The New I-131 Reentry Permit Acceptance Procedure Delays Biometrics

Under the new procedure, all I-131 reentry permit applications are now filed at a USCIS lockbox.  The purpose of the lockbox is to accept the application and do initial processing such as issuing a receipt.  Following the initial processing, the case is transferred to the service center tasked with processing the reentry permits – NSC.

Only after the lockbox center forwards the I-131 reentry application to NSC the expedited processing biometrics appointment can be issed.  This adds an additional week or so of processing and scheduling a biometrics notice.

In light of these changes, we have had to advise our I-131 reentry permit expedited processing clients to adjust their travel accordingly and to plan on being in the U.S. 3-4 weeks (up from 2-3 weeks) to be able to accommodate their required biometrics appointment while in the U.S.

Unfortunately, USCIS has indicated that they intend to use the lockbox for the future and we do not foresee any improvement in the processing times or the efficiency of the expedited reentry permit application procedure.  USCIS has indicated that they are exploring ways to be able to process biometrics abroad; however, as of today, the biometrics can be done only in the U.S.

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Filing a New I-140 When Another I-140 Is Pending on Appeal

In addition to the numerous inquiries on filing a new I-140 when a previous I-140 is pending on appeal, our office handles a number of such new I-140 filings.   Pursuant to USCIS guidance, a previously approved labor certification which was timely used to file an I-140 can, in many circumstances, be subsequently used to file a new I-140 if the initial I-140 was denied.   Many initial I-140 denials are appealed with the Administrative Appeals Office (AAO); in such cases, the issue becomes whether the petitioner can file a new I-140 while the initial I-140 is pending on appeal.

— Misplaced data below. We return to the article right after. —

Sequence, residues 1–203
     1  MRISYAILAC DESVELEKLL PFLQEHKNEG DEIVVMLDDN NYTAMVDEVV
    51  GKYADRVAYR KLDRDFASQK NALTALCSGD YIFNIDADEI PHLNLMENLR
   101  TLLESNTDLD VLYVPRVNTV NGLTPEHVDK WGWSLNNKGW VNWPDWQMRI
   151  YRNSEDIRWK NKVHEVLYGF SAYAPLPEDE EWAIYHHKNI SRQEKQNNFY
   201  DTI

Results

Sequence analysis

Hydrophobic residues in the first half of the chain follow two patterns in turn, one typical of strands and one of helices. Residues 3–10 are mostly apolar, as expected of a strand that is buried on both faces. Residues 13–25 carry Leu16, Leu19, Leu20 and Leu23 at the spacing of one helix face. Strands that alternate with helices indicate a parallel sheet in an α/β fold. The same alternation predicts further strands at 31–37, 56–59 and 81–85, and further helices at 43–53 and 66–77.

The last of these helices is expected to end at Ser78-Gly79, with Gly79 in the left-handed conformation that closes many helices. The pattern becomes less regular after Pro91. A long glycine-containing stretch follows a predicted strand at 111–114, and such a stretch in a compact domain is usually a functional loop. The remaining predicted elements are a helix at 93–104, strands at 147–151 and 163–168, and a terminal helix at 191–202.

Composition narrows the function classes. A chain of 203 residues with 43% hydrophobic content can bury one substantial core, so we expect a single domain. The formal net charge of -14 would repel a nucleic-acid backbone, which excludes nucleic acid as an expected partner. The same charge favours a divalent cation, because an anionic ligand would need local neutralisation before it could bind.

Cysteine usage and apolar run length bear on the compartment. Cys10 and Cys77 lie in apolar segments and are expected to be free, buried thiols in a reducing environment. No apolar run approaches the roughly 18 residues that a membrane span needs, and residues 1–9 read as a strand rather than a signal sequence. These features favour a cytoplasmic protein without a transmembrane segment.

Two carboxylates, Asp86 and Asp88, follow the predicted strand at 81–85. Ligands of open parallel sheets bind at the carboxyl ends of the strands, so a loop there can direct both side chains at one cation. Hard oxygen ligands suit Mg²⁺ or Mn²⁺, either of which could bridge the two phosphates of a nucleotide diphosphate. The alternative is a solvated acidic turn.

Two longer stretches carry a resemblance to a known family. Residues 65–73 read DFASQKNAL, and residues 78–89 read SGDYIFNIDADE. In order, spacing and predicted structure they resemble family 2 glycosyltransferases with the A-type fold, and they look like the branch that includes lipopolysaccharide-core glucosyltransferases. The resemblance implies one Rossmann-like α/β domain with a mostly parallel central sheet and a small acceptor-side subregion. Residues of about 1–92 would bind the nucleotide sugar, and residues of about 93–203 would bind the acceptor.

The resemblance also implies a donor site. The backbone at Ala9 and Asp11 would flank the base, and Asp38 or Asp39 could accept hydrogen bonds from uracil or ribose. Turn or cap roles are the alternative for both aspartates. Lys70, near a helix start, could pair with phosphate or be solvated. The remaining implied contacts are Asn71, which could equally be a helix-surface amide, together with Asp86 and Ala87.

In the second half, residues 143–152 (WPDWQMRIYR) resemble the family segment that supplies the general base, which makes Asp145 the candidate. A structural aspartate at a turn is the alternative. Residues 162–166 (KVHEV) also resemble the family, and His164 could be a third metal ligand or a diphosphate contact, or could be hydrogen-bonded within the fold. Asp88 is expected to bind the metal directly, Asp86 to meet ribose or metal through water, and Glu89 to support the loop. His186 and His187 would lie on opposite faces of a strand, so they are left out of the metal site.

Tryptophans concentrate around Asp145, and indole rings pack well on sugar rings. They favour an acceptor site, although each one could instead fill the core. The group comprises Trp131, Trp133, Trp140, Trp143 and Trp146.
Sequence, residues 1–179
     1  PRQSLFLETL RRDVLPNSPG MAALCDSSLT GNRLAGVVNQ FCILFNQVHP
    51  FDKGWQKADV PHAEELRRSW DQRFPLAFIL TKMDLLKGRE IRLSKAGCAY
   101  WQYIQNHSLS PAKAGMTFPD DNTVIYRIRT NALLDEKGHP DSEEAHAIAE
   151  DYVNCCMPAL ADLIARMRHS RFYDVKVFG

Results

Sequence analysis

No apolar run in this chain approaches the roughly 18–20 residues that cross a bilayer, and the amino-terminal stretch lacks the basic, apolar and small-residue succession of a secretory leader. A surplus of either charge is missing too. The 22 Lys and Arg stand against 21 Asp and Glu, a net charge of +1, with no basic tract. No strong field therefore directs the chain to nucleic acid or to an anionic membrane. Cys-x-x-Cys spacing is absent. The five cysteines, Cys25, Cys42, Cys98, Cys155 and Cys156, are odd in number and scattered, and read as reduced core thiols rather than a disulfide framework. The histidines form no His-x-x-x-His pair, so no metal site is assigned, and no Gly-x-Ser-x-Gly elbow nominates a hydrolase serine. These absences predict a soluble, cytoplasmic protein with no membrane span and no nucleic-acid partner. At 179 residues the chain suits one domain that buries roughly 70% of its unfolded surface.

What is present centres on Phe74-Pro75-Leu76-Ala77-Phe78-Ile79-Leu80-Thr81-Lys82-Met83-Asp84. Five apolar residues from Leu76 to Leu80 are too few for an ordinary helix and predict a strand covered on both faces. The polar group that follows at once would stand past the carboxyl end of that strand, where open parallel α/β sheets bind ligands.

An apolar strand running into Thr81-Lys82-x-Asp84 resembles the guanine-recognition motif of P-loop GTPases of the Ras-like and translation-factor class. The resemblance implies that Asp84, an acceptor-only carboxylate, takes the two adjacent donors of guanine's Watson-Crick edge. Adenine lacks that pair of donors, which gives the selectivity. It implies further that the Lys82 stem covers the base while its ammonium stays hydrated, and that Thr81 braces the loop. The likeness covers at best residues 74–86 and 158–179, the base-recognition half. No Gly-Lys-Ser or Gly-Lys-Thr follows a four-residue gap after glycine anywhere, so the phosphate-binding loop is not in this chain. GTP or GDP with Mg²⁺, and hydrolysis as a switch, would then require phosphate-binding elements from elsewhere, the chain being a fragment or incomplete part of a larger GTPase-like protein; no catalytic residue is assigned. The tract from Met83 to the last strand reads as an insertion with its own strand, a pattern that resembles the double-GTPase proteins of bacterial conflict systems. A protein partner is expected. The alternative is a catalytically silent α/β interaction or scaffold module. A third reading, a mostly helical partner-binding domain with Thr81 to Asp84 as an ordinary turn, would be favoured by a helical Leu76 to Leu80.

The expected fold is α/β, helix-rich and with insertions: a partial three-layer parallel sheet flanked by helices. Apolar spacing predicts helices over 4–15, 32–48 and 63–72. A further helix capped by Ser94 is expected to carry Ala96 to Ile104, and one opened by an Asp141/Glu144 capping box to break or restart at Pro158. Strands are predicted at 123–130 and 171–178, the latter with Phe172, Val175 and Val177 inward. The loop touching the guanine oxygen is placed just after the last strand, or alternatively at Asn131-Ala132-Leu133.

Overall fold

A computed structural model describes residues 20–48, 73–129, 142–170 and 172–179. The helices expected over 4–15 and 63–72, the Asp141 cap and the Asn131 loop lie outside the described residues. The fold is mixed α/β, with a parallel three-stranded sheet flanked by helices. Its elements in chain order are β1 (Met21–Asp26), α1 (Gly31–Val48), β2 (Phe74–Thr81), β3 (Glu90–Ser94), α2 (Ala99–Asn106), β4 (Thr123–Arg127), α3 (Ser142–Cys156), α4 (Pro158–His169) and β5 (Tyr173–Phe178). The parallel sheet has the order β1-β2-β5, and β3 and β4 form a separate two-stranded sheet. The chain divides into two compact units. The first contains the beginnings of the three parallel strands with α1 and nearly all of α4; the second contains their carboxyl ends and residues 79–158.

Background

USCIS current policy is that when a denied I-140 is appealed and is sent by a service center to the AAO for adjudication (which can take up to two years months), the service center will hold in abeyance a newly refiled I-140 the same Beneficiary in the same EB classification.  The question becomes whether a new I-140 for the same beneficiary but for a different classification would be also held in abeyance?

Recent Texas Service Center Guidance

A recent guidance from the Texas Service Center (TSC) has indicated that whether or not an I-140 filed for a Beneficiary in a different classification will be held in abeyance while an appeal is pending is determined on a case-by-case basis and depends on the reason for the initial denial.   As an example, if an I-140 is denied for lack of ability to pay, and the ability to pay issue is appealed, a subsequent identical I-140 filing, even in a different classification, would typically be held in abeyance pending the outcome of the appeal.

Considering the long AAO processing times (20-24 months for I-140 appeals), before an I-140 appeal is filed, it is important to evaluate the alternatives and the options of filing a new I-140 without appealing the previously-denied I-140.  Many beneficiaries need to file an appeal in order to be able to obtain H-1B extension benefits; however, if this is not a factor, appealing I-140 may not provide much of a strategic benefit, in fact, it may only delay the I-140 process.

How We Can Help

Our office handles a number of I-290B I-140 AAO appeals and we would be happy to review your case and advise you on the best options.  Please do not hesitate to contact us for a free initial consultation.  Also, please feel free to subscribe to our weekly newsletter to receive free immigration law updates.

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FY2011 H-1B Numbers Update – 18,000 Regular and 7,600 Masters Cap Visas Used (May 6, 2010)

USCIS released the weekly FY2011 information on the numbers of cap-subject H-1Bs filed since April 1.  As of May 6, 2010, USCIS has received approximately 18,000 H-1B petitions counting toward the 65,000 cap (a weekly increase of 1,500). Similarly, as of May 6, there were 7,600 H-1B visas filed subject to the U.S. Masters cap which has 20,000 limit (a weekly increase of 700).

H-1B Quota Trends

The numbers, as reported over the past few weeks – indicate that after there was a very small weekly increase in the number of H-1B filings for both the regular and Masters’s caps.  As a result, although it is early to draw reliable long-term conclusions, if the current trend remains, we estimate that the H-1B quota will remain open for a considerable time.  We wish to caution potential H-1B employers and employees that as the U.S. economy is seen to recover and grow, it is possible that the pace of H-1B filings will increase.